In Paracelsus and Arthur Edward Waite (ed.), The Hermetic and Alchemical Writings of Paracelsus (1894), Vol. 1, 13.
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Why are the bones of great fishes, and oysters and corals and various other shells and sea-snails, found on the high tops of mountains that border the sea, in the same way in which they are found in the depths of the sea?
'Physical Geography', in The Notebooks of Leonardo da Vinci, trans. E. MacCurdy (1938), Vol. 1, 361.
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With the tools and the knowledge, I could turn a developing snail's egg into an elephant. It is not so much a matter of chemicals because snails and elephants do not differ that much; it is a matter of timing the action of genes.
Quoted in Bruce Wallace, The Search for the Gene (1992), 176.
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You may take the noblest poetry in the world, and, if you stumble through it at snail's pace, it collapses from a work of art into a rubbish heap.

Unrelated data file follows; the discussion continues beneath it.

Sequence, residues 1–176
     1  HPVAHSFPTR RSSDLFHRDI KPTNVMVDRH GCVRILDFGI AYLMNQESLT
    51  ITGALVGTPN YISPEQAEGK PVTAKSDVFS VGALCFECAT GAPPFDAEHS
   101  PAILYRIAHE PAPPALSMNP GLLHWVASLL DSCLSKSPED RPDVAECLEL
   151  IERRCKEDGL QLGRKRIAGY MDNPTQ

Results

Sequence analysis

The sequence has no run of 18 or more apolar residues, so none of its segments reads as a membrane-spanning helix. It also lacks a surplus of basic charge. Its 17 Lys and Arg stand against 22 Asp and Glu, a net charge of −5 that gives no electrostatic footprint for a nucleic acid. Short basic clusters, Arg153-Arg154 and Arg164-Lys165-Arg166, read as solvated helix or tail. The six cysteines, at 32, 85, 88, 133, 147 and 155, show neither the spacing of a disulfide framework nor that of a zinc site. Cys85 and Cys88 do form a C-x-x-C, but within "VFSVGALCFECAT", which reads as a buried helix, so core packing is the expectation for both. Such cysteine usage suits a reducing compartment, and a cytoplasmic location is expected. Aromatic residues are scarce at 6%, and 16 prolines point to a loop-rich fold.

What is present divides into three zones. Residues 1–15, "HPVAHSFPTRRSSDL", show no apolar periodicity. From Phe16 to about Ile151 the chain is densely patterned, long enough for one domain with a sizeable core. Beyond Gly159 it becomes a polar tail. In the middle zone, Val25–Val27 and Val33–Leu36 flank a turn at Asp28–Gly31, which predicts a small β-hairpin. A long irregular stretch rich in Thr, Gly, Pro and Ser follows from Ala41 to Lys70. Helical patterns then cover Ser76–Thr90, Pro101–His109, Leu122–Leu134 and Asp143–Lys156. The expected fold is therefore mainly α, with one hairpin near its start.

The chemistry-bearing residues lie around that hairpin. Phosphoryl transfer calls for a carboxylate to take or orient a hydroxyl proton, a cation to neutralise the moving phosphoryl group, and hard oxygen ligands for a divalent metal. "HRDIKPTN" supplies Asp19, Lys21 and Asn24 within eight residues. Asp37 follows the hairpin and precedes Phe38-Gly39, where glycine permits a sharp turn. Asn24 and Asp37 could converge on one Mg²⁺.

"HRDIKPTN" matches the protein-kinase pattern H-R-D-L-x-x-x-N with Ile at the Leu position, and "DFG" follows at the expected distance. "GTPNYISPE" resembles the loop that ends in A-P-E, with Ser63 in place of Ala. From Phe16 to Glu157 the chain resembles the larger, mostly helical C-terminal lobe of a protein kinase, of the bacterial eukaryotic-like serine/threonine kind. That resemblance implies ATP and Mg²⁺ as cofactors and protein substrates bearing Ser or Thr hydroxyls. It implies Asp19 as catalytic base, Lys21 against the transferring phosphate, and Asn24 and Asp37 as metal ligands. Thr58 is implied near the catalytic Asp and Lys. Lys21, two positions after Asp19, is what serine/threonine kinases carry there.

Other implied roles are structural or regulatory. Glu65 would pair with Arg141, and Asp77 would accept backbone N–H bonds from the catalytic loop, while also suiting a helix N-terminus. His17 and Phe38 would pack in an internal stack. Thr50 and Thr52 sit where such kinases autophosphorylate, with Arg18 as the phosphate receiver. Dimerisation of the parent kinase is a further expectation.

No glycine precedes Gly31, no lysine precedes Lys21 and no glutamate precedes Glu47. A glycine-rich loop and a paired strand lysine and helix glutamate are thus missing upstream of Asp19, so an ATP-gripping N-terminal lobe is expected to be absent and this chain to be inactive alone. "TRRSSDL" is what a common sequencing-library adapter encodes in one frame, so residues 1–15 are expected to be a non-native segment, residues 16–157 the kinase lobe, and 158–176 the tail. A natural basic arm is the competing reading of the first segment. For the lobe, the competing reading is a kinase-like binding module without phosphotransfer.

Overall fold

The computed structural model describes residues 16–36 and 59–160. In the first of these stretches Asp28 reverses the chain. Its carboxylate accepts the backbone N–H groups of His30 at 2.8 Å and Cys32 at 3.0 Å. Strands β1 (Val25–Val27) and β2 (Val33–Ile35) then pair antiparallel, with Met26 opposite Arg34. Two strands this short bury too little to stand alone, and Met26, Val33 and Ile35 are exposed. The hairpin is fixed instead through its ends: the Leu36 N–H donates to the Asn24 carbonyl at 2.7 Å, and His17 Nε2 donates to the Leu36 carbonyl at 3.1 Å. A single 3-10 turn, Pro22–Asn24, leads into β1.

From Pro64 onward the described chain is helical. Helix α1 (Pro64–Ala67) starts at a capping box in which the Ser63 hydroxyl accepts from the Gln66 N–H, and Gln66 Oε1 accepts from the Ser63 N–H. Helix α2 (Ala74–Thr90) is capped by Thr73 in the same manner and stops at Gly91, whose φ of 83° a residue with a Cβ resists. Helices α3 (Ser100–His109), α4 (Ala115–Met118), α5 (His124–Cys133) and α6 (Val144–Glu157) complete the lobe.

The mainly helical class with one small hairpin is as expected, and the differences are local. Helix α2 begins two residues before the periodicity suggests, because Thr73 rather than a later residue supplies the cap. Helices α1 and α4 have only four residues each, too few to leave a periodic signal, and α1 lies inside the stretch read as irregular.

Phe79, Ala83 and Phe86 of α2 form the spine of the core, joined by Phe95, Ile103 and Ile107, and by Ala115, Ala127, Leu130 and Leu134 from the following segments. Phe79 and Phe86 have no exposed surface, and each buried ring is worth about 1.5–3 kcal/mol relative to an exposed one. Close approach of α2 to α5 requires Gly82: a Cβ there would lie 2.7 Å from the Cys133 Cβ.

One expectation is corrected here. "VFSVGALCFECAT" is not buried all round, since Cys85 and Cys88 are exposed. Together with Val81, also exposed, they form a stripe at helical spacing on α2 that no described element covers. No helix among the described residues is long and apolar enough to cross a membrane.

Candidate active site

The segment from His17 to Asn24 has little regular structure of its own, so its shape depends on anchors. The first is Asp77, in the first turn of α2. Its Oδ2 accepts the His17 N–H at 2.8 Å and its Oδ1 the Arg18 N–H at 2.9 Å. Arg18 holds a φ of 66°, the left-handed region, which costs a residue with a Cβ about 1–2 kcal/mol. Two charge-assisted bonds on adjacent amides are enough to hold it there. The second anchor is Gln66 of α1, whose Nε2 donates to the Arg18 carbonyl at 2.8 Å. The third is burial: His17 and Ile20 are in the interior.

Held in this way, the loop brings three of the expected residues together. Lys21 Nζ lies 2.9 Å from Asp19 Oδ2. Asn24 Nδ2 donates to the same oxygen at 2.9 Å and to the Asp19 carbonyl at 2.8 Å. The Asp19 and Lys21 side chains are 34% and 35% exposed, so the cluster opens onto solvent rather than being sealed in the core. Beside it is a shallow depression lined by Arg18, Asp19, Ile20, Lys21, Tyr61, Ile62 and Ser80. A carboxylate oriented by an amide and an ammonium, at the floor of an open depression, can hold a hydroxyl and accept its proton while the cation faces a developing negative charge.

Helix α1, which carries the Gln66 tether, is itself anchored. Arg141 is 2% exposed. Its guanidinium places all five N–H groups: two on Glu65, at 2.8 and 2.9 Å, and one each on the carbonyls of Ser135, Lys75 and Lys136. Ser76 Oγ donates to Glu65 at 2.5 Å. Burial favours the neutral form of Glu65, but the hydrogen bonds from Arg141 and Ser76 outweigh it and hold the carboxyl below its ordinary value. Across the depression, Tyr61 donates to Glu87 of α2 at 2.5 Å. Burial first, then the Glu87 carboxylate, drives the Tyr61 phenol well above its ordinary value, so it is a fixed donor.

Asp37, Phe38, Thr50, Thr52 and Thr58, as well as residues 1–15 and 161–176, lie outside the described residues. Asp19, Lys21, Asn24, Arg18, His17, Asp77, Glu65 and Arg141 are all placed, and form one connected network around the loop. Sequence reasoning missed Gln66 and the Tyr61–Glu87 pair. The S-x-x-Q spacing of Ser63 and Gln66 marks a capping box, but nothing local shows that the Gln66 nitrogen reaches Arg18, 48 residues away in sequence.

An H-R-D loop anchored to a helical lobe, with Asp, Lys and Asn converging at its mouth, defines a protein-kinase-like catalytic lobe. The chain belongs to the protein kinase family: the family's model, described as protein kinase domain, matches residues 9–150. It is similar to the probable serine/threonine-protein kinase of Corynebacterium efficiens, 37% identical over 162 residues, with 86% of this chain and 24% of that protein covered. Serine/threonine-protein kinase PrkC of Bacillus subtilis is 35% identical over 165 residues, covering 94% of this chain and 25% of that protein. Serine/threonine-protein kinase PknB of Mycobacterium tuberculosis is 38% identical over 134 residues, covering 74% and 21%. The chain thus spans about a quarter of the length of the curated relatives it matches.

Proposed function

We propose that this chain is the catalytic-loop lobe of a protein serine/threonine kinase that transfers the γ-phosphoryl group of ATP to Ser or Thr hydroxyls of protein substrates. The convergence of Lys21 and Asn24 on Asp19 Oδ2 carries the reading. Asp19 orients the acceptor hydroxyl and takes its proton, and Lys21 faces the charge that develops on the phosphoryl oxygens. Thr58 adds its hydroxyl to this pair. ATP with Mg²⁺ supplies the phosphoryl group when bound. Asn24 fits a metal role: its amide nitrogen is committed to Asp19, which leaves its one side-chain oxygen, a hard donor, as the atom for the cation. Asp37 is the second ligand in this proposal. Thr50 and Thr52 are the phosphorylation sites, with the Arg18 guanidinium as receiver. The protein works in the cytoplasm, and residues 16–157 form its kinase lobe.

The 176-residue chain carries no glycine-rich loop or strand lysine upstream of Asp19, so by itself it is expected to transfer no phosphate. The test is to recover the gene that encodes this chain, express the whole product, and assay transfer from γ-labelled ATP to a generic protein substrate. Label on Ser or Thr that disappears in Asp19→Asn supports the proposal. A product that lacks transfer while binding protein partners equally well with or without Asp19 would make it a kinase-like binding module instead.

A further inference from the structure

In 'The Place of Classics in Education', The Aims of Education and Other Essays (1929), 76.
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Carl Sagan Thumbnail In science it often happens that scientists say, 'You know that's a really good argument; my position is mistaken,' and then they would actually change their minds and you never hear that old view from them again. They really do it. It doesn't happen as often as it should, because scientists are human and change is sometimes painful. But it happens every day. I cannot recall the last time something like that happened in politics or religion. (1987) -- Carl Sagan